Simple EQ Guidelines for Better Live Sound
If you ask most sound techs what makes a great audio engineer they’ll probably say something like:
“Train your ears and learn how to master EQ.”
It’s true. Learning how to EQ is one of the most important skills you can develop and practice if you want to be a good audio engineer.
That goes for recording engineers and live sound techs alike.
EQ has the power to shape and shift the character of your sound like no other tool in your audio toolbox.
So, how do you train your ears and learn how to EQ?
There are a few ways to get practice.
- You can listen to different tones and practice identifying sine waves by ear.
- You can work on instrument tuning and correlate notes with frequencies.
And it’s always helpful to critically listen to several different styles of music, especially the symphony, picking out different instruments and hearing how they fit in the mix.
All of that can seem like a big challenge when starting out, but there is a simple tool that thousands of sound engineers have used to get better at EQ.
You need to learn exactly where different instruments and vocals fit in the mix and what frequency ranges they occupy. And it can help to get a good visual of how this works.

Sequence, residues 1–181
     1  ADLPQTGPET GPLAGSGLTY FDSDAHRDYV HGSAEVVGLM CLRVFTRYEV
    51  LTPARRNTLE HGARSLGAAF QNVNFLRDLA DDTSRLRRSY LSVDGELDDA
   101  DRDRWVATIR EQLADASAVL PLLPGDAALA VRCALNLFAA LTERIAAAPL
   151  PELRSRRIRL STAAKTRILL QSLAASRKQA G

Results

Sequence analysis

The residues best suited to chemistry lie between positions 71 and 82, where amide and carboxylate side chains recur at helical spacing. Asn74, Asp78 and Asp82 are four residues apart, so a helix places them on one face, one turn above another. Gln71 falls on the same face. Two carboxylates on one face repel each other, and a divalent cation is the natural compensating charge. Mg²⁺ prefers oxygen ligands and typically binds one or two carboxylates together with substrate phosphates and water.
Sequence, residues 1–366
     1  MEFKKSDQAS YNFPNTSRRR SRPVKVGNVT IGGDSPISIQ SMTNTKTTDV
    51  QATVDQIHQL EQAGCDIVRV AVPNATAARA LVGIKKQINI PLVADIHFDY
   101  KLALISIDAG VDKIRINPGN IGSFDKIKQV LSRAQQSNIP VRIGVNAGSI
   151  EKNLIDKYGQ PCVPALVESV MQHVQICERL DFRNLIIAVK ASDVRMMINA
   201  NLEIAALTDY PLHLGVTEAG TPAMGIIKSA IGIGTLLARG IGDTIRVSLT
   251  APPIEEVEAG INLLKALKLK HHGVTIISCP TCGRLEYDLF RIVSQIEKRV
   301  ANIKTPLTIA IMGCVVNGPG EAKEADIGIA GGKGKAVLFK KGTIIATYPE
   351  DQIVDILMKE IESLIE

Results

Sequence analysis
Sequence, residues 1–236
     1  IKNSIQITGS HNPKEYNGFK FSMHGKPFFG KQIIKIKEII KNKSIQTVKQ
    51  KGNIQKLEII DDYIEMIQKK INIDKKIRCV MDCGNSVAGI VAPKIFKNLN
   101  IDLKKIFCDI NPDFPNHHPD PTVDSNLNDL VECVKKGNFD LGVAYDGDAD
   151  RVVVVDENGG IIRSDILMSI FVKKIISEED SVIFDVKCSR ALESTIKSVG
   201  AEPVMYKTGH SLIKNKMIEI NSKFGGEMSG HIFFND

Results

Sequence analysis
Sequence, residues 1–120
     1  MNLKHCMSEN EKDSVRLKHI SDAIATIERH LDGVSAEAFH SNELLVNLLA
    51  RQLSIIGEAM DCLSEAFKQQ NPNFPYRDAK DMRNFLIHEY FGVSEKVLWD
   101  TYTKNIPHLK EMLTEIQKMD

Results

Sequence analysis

If you’ve been looking for a great EQ resource to study, then I think you’ll like today’s free download.
This chart is provided by James Wasem from the Great Sound Institute.
You might not know this but James is an incredibly valuable member of the Audio Issues team. He’s been working with me since last summer as the editor to all of my eBooks and studio resources. So far we’ve worked on four eBooks together, three of which have already been published to a great reception by you guys!
He’s a great live sound engineer and this week I’m bringing him on board to share more of his live sound wisdom with you guys. You’ll hear more from him tomorrow, but in the meantime go grab your EQ chart.
This EQ chart shows all of the common instruments and where they fit in the frequency spectrum.
One of the great things about this chart is that it shows you the fundamental frequency ranges, notes, and octaves that correspond to those instruments.
Keep an eye on your inbox in the next few days for more live sound tips in our series:
- How to Get Great Live (and Studio) Sound
Are You Making These 3 Live Sound Mistakes?
- How to Accomplish a Great Sound Check
Cheers, and thanks again for being a subscriber!
Björgvin and James
Live Sound Tips